Edison & Ford Winter Estates Blog - Edison & Ford Winter Estates Blog

Edison & Ford Winter Estates Blog

Edison & Ford Winter Estates Blog

Archive for the ‘Uncategorized’ Category

What is a Boondoggle?

Posted by Edison Ford Winter Estates On September 23, 2016

If you are looking for an unusual gift for yourself or others, then the old fashioned heritage craft known as a boondoggle will fit the bill.

Boondoggle are woven from sabal palm and legend has it that they ward off lightning strikes and bring good luck to the household. They were a traditional wedding present, and they are just plain beautiful.

The Edison Ford stores have boondoggles for sale in all of the locations, Museum Store, Ford Cottage Shoppe and the Edison Ford Shoppe at Bell Tower Shops. They are made by local crafts person and a beautiful addition to any home or building.


Mangoes for Everyone

Posted by Edison Ford Winter Estates On September 16, 2016

By now everyone knows that Henry and Clara Ford owned a Florida estate named “The Mangoes,” for the allée of mango trees that lined their property and the Edison Estate along McGregor Boulevard. The Edison family added innumerable orchids in the mango trees on this area of their property, which they called “Orchid Lane.”

Today Edison Ford continues the tradition begun by the Edison and Ford families. In fact, there are 17 different mango varieties on the property (including the “old Florida turpentine mango”).

group with debbie and mangoes in bucketsEdison Ford collaborates with ECHO (Educational Concerns for Hunger Organization) in North Fort Myers. ECHO Farm Manager, Tim Watkins, and interns assisted Senior Horticulturist, Debbie Hughes gather turpentine mangoes (approximately 1,000). ECHO Nursery grows the seeds as rootstock, grafts mango varieties to the rootstock, and distributes grafted fruit trees to needy communities around the globe to help grow their own. Edison’s old mangoes have made their way around the world.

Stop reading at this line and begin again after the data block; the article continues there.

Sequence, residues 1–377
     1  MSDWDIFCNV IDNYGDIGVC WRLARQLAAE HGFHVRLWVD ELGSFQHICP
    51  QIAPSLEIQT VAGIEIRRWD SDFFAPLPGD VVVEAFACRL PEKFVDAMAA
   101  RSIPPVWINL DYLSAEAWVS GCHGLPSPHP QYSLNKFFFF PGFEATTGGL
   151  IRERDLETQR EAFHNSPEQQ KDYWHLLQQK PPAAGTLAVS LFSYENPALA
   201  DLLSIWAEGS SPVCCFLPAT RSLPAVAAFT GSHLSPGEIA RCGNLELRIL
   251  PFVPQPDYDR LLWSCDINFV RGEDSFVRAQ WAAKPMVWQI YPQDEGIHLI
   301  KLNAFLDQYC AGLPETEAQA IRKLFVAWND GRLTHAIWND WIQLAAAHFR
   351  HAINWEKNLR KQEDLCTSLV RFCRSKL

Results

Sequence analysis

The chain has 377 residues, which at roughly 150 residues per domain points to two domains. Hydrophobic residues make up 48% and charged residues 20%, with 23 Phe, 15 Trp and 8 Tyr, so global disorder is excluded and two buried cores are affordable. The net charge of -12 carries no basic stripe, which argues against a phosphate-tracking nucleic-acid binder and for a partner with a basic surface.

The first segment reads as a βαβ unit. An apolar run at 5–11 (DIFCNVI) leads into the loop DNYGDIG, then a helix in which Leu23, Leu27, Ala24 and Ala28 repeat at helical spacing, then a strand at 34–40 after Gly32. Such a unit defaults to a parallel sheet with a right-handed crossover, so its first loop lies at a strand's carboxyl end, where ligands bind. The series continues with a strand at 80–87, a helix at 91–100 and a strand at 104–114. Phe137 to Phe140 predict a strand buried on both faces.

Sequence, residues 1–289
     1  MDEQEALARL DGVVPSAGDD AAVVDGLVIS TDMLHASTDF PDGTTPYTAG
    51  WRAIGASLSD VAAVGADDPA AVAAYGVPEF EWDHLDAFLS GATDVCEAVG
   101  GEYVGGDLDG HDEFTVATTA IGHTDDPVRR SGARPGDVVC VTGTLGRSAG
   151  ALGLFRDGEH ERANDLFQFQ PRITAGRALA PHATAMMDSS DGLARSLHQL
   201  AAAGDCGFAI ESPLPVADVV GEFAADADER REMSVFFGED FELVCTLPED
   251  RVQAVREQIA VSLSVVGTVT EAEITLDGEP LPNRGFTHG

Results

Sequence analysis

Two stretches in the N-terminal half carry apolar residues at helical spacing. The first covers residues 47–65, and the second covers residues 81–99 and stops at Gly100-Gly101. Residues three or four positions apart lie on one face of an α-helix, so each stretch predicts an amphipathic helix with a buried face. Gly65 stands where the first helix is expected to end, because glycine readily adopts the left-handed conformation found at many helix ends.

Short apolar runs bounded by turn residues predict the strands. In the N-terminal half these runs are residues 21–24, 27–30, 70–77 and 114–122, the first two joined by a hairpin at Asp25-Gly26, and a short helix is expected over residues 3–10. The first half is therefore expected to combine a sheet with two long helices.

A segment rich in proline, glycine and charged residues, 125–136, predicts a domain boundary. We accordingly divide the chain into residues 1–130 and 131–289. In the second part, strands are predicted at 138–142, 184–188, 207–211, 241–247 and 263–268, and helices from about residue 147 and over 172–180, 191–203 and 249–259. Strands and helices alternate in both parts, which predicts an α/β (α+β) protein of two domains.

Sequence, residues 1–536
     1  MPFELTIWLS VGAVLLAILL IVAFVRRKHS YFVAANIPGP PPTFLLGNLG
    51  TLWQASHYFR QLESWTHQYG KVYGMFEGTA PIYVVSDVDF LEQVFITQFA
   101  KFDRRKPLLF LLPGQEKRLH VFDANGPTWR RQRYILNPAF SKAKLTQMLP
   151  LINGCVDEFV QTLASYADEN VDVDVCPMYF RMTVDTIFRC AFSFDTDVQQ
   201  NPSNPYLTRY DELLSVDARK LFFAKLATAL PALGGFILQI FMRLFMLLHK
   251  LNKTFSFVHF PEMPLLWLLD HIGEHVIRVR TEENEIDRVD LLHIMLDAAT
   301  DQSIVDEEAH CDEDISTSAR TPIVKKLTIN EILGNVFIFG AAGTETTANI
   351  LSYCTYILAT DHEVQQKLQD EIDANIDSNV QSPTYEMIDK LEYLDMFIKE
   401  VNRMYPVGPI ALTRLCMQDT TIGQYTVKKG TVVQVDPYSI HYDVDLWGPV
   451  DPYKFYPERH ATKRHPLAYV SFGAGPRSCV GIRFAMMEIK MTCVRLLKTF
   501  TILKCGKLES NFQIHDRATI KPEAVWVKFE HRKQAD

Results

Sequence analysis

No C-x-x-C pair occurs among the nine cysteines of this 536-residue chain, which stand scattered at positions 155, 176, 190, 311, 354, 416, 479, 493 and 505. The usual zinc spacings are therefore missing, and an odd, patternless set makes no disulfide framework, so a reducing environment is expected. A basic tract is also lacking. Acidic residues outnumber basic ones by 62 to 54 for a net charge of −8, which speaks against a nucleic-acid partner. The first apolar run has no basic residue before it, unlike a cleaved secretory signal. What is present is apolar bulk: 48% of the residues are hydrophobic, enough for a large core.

Garden staff gathers fruit from the property and will sell what is available in the Museum Store. Because mangoes ripen differently, it’s always good to call ahead to see what is ripe and available for sale. This time of year, there is starfruit, and eventually Meyer lemons, calamondins, key limes, and limequats seasonally. For more information on what’s available call, the Museum Store at 239-334-7419.

Ford Quadricycle Progress and Update

Posted by Edison Ford Winter Estates On February 22, 2016

quadricycle volunteerThanks to the creative oversight of Automotive Curator Jim Moss, Registrar Matt Andres and a very talented group of volunteers, the pieces and parts of the replica Henry Ford 1904 Quadricycle are being produced and will be ready for assembly (like the crank shaft below). Although this sounds easy, it really isn’t because the machinists, mechanics and engineers are building the Quadricycle from scratch in machine shops throughout the region.

quadricycle crank shaft feb 2016Pictured is part of the crank shaft and the volunteer who is creating this in his own shop, Walter Newell. The group expects to have the Quadricycle finished before the end of 2016. Contact Registrar Matt Andres in the Curatorial Department if you would like to join the group which meets monthly.

quadricycle crank shaft 2


The “Believe It or Not” Bridge

Posted by Edison Ford Winter Estates On January 23, 2016